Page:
Interview

“We have also seen an increase in direct investment/acquisition of tech companies between France and Norway”

The CCFN opens its doors to Christian Bendiksen, Lawyer and Partner at Brækhus.

Can you please introduce yourself and your connections with France?

I am a Norwegian attorney with a French master's degree in EU and commercial law from the University in Tours and have been collaborating with the Chamber (CCFN) for more than 20 years. I work mainly with legal aspects of technology, including cross-border contracts, public procurement and competition law. And I have been advising French companies during contract negotiations with Norwegians, tendering for Norwegian public projects or investing in Norway.

 

In which sectors do you see opportunities for more bilateral collaborations?

I think the Chamber (CCFN) has done a fantastic job in furthering French-Norwegian collaboration in the "traditional" sectors, such as maritime, aquaculture and energy. In this regard, I believe that the offshore wind industry is just starting and that it will require insight, experience and knowhow that both France and Norway share – and where we complement each others' strengths.

But it annoys me a bit that we have not managed to expand the collaboration in technology further. According to the latest NHO report, half of Norwegian businesses lacks IT personnel, and more and more Norwegian companies are stating that they are actively looking abroad for such competence. So why not France?

 

Which advice would you give to a French company willing to develop business in Norway?

Sounds like I am feathering my own nest here, but do the paperwork right the first time. VAT and tax registration, employment contracts, give some thought to company structure for tax and IP purposes, it saves so incredibly much unnecessary effort later.

Then, Norwegian business practice is still more informal than in France. Surprisingly large companies may order by means of an oral agreement and an order form. And there is far less mandatory laws regarding for instance contractual practices than in France. If your contract may be terminated for convenience at three weeks' notice, then that is what it will be. Regardless of whether the relationship has lasted 20 years.  

 

You have been working to facilitate deals between French and Norwegian managers for a long time. What are you main tips for overcoming cultural differences?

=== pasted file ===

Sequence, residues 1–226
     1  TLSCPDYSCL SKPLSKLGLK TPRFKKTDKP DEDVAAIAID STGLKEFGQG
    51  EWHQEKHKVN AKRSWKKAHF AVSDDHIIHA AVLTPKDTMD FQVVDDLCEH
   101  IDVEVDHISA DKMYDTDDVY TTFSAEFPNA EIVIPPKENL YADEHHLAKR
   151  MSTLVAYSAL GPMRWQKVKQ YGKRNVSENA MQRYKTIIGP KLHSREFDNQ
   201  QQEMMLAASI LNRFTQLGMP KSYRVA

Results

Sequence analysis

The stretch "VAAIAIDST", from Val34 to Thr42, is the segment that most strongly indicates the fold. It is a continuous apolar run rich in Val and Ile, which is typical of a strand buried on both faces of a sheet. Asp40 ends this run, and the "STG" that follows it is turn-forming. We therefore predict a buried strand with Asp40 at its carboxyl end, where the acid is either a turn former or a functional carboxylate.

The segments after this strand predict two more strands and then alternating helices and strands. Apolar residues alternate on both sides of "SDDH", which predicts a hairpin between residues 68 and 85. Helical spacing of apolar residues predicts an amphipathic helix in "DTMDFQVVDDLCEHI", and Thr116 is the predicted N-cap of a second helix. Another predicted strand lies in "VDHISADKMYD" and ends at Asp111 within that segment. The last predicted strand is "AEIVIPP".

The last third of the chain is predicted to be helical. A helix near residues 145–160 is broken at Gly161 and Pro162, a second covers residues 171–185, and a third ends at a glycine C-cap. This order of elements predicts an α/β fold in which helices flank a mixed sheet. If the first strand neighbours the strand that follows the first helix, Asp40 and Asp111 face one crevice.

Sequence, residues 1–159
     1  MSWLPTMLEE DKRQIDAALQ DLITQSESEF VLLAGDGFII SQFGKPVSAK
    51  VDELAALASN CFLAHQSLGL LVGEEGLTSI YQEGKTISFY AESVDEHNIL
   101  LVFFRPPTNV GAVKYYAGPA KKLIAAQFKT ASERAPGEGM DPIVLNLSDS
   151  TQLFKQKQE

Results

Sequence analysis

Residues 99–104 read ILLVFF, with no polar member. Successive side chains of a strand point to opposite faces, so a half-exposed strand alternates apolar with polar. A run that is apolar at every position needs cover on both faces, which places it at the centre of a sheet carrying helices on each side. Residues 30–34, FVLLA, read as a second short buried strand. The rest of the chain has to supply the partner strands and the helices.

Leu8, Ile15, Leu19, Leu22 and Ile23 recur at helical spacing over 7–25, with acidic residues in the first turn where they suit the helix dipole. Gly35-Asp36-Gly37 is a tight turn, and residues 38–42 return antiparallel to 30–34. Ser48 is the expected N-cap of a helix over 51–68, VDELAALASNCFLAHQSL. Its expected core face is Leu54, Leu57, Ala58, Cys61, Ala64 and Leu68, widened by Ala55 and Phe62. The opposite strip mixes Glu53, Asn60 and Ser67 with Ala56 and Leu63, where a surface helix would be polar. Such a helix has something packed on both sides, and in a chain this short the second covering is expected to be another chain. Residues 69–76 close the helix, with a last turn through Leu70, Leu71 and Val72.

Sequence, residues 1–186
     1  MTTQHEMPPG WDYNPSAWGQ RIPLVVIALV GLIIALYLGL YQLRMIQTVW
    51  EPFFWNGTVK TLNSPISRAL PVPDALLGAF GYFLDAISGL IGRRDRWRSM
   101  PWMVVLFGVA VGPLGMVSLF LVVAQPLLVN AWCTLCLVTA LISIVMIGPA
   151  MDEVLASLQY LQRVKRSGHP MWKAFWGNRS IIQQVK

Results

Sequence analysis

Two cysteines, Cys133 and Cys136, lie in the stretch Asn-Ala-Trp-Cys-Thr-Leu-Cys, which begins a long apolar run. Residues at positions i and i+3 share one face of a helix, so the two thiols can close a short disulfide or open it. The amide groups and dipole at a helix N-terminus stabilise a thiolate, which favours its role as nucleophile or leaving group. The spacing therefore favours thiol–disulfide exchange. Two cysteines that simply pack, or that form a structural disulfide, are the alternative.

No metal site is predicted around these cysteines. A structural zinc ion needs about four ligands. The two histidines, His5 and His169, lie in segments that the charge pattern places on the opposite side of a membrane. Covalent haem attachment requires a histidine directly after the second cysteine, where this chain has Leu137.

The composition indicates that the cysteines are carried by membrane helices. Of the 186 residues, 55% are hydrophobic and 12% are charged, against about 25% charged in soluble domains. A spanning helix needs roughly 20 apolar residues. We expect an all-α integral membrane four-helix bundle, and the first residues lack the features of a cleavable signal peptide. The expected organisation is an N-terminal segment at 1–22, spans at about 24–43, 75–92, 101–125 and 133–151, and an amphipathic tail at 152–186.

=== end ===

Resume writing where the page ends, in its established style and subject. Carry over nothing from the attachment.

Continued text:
I think that Norwegians do need to understand that the informality they are accustomed to, does not necessarily travel well. French companies have decision models, they do check with legal and compliance and this takes time. During contract negotiations I have often found it useful for both companies' advisors to do an "interpretatory check" just to see whether disagreements are based on an actual conflict of interests that has to be negotiated, or merely on an interpretation of a contractual clause that could generate a risk that the other party simply does not see or is not interested in.

On the other hand, French companies are often surprised by the lack of flexibility during the negotiation phase of Norwegian public tenders, so it does go both ways to a certain extent.

 

You will cooperate with the French-Norwegian Chamber of Commerce to launch a French-Norwegian Digital Committee, why now and in which specific areas do you see potential for more collaborations?

There is indeed collaboration; some of Norway's largest IT companies are in fact French, such as Capgemini and Sopra Steria. However, we believe that there is untapped potential in collaboration on product development, nearshoring and other issues where Norwegians have ideas but lack the personnel. We also note that Norwegian tech companies such as Visma and Autostore are entering the French market, and we hope that this can be part of a growing trend. Finally, we have also seen an increase in direct investment/acquisition of tech companies between France and Norway and we do hope this trend will continue. 

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